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Sandor Dargo
Sandor Dargo

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I broke production 3 times in 3 weeks - Part II

Last week I shared with you that despite that I consider myself a careful coder, I managed to break production several times in a row.

It can happen to anyone, though one shouldn't forget about his responsibility leading to such events.

We can complain about how useless the test systems are, we can blame the reviewers, but at the end of the day, the code was written by one person. In these cases, by me.

Last week, I shared how I slipped and introduced undefined behaviour by not initializing a pointer correctly. Now let's continue with two other stories, with two other bugs.

A memory leak

Another issue I introduced was once again about pointers. A very knowledgeable C++ engineer told me recently for a good reason that for dynamic memory management you should always use smart pointers, but it's even better if you can avoid using dynamic allocations at all.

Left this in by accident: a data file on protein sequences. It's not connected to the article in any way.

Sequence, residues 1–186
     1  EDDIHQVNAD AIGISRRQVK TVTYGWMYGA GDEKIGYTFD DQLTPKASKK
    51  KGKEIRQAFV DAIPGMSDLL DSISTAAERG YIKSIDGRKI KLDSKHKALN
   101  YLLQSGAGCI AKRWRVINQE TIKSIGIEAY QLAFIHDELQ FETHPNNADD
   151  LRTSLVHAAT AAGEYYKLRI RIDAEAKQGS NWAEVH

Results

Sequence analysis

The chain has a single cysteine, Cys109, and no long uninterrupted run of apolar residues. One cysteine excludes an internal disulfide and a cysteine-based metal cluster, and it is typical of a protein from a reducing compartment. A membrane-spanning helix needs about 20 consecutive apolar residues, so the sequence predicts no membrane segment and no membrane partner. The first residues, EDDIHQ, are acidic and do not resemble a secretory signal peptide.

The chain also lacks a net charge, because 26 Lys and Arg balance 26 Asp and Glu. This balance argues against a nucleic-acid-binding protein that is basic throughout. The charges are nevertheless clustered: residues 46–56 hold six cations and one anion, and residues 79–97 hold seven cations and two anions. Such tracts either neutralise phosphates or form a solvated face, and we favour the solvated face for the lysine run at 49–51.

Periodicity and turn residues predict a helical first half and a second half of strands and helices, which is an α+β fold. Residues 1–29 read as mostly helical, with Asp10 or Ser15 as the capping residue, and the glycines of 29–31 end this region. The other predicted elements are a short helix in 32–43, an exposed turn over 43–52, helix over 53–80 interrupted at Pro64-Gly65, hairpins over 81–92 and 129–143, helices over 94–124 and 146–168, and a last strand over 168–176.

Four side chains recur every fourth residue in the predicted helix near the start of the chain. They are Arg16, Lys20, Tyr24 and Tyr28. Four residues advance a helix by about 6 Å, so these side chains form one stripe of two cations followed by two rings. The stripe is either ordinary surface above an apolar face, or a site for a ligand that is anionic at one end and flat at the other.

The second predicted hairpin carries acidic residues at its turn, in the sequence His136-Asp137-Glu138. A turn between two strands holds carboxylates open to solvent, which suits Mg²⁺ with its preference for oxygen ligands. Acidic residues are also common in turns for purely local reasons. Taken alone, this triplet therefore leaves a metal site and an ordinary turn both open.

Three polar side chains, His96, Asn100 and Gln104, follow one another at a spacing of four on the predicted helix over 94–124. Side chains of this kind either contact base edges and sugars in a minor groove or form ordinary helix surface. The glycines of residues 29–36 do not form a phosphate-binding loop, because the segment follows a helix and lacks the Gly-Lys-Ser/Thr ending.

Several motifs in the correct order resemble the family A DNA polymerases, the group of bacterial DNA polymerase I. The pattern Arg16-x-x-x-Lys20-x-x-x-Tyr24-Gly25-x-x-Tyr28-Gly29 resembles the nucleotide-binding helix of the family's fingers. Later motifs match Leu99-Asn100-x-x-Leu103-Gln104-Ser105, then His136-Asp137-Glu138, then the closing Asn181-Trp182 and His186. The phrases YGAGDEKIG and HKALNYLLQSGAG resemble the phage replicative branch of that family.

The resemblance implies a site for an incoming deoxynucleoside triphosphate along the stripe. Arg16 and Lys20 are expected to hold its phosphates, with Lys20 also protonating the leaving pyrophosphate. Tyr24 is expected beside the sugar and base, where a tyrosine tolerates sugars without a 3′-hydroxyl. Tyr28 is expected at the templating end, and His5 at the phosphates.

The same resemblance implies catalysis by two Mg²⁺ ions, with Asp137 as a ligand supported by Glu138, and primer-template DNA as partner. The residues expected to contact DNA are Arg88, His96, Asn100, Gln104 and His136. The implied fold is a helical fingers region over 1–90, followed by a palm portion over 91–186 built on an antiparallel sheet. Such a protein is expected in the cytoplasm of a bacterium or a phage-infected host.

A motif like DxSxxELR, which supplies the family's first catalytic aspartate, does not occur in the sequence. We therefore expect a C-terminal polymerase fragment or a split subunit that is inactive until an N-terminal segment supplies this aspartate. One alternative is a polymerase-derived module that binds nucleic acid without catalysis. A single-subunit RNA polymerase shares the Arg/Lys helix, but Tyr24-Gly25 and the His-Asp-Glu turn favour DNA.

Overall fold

So in one of another monster classes, I found a pointer that was initialized to nullptr in the initializer list, some objects were assigned to it at many different places and at the end, in the destructor, it was not deleted and I couldn't find where it was cleaned up. A memory leak - unless I missed the cleanup.

The pointer was passed to another object several times, it updated the pointed object and then it was taken back.

Somehow like this:

auto aStatus = STATUS::UNDEFINED;
auto aService = MyService{};
aService.setAdapter(m_serviceAdapter);
try {
  aStatus = aService.resume();
}
catch (std::exception& e) {
  // ...
}
// should now contain the right data!
m_serviceAdapter = static_cast<MyServiceAdapter*>(aService.getAdapter());
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All problems can be avoided by using smart pointers.

A very easy option could have been using a shared pointer, but I didn't want to do it for two reasons:

  • MyService lives in another repository and it takes about a day to change, review and deliver a new version (and this is such a lousy reason!)
  • in most cases where you use a shared pointer, it's not necessary. It's simply the easier road to take. I didn't want to take the easier road.

So I went on using a unique pointer, m_serviceAdapter became a std::unique_ptr<MyServiceAdapter> instead of MyServiceAdapter* and I changed the code like this:

auto aStatus = STATUS::UNDEFINED;
auto aService = MyService{};
aService.setAdapter(m_serviceAdapter.release()); // 1
try {
  aStatus = aService.resume();
}
catch (std::exception& e) {
  // ...
}
// should now contain the right data!